I was able to do this in Windows XP Search and using something like Copernicus.

I don't see any way to do this with Windows 7 (other than making it available offline which means that all that data will be duplicated on my local drive.

What I've tried : I read elsewhere in the Windows 7 Help that you need to make sure the networked drive is indexed by it's O/S. So this network drive is on our Server (XP Pro, SP3) so I've installed Windows Search 4.0 and set it to indexing that drive.

I have another XP machine which is already indexed and Windows 7 still wouldn't let me add that drive to a Library (to get it indexed) because it's not indexed. So I'm not hopeful that the above solution will work.

  • I read on the Windows 7 forums that Windows Live signin assistant can cause this problem. I have Windows Live Essentials pre-installed so I'll try uninstalling that. – Clay Nichols Feb 2 '10 at 0:28

Go to the search settings. (Open the Control Panel, click "Indexing Options")

Open "Advanced Options" and choose "Add UNC Location"

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  • Thank you for the edit kez. I'm still getting used to the SO syntax. – ta.speot.is Jan 20 '10 at 0:10
  • 13
    Hmmm... the "Add UNC Location" tab is not present in my Advanced Options windows (of Indexing Options). I have Win 7 Pro. Any ideas? – Clay Nichols Jan 20 '10 at 19:58
  • no Add UNC Location tab here either. :( – Jimmery Aug 8 '12 at 10:50
  • I believe this functionality is available by installing the Windows Desktop Search: Add-in for Files on Microsoft Networks from microsoft.com/en-us/download/details.aspx?id=3383 but it is only compatible with 32-bit Windows. – mythofechelon Apr 30 '15 at 14:34

Posting because after all these years this is still a relevant problem (often because people want to add shares to libraries--which require indexing). Answers from sevenforums.com and social.technet.microsoft.com include:

  • The add UNC patch for indexing shares works, though initially indexing a share seems to be slow. While the patch seems to work on windows 7 32bit, there is no 64 bit solution.
  • Make available offline is not a practical solution.
  • Use a 3rd party indexer such as X1 search, archivarius, Isys Search or Copernic.
  • Adding network shares to a library via WMP seems to also index them (unverified). It requires changing the location of a symbolic link e.g. 'my documents' to a network location, then adding that location to a library within WMP, WMP will index the share.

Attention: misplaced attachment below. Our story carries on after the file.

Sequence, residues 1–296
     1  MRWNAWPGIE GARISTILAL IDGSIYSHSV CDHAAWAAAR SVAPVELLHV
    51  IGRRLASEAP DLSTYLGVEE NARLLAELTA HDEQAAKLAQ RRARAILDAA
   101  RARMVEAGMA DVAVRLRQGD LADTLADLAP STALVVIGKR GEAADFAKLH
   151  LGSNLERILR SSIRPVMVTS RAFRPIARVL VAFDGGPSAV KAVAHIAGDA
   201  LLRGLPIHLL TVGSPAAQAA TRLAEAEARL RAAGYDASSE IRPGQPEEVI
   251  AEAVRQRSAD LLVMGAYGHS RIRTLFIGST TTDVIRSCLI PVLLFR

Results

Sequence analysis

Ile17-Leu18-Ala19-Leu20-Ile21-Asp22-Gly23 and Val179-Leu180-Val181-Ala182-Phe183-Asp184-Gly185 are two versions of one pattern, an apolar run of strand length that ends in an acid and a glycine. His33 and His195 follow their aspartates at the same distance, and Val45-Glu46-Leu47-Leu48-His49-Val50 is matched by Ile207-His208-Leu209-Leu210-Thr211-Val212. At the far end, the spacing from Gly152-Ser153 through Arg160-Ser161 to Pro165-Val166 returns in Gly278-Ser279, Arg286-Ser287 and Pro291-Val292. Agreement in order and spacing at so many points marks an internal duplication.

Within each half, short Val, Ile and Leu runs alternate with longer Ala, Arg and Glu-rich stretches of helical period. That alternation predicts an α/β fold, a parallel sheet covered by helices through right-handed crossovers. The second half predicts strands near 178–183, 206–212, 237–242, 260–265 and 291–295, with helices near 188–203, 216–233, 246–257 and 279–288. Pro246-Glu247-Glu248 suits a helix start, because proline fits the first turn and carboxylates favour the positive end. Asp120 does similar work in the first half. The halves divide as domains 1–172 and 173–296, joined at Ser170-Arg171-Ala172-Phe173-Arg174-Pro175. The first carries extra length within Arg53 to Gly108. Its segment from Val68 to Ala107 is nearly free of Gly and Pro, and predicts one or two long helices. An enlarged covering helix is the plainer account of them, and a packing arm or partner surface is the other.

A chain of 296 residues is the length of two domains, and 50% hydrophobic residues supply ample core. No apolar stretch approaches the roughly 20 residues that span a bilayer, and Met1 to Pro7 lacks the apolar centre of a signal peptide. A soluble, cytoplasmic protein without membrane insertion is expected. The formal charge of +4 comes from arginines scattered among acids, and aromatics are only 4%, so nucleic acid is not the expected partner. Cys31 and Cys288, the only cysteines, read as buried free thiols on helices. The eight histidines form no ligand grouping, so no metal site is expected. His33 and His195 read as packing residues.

• I've been searching for an answer for months, post all over the internet. None of them seemed to work. Did you ever manage to get it working (perhaps the last solution in your list)? – Jack Nov 10 '14 at 8:57
  • Indexing no, adding network share to library: yes. The wmp solution isis too ugly to bother trying IMO :-) – jiggunjer Nov 14 '14 at 11:55

You need to download an add-on for Windows, but this is only for Windows 7 32-bit; it doesn't work with 64-bit.


This will enable the Add UNC Location option you seek.


This is what I just did ... in the folder you want to index click Organize/Folder and Search Options. Click "Always search file names and contents (this might take several minutes)". This effectively indexes the folder to allow fast searches. Works for my needs anyway.


Windows 7 does not like to index networked drives, but there is a way around this.

How to Add a non-indexed Network Share as a library

  1. Create a folder on your hard drive for shares. i.e. c:\share
  2. Create another folder in the above share. i.e. c:\share\docs
  3. In Windows Explorer, right click on Libraries and select New > Library. Link the Library to this folder.
  4. Delete the folder.
  5. Use the mklink in an elevated command prompt to make a symbolic link. Name the link the same as the folder you created above. i.e - mklink /d c:\share\docs \\server\docs
  6. Done.

Now you have non-indexed UNC path as a library. Note that if you want to add the network path to an existing library, you can do that as well. Just modify the 3rd step by right clicking on an existing library and choosing Properties.

  • 1
    How does this index the drive? – Marc Apr 12 '15 at 23:22
  • @Marc It doesn't, the first sentence is misleading. – jiggunjer Dec 2 '15 at 2:27
  • @Richie What breaks when the network drive is disconnected? – jpaugh Dec 5 '16 at 21:19

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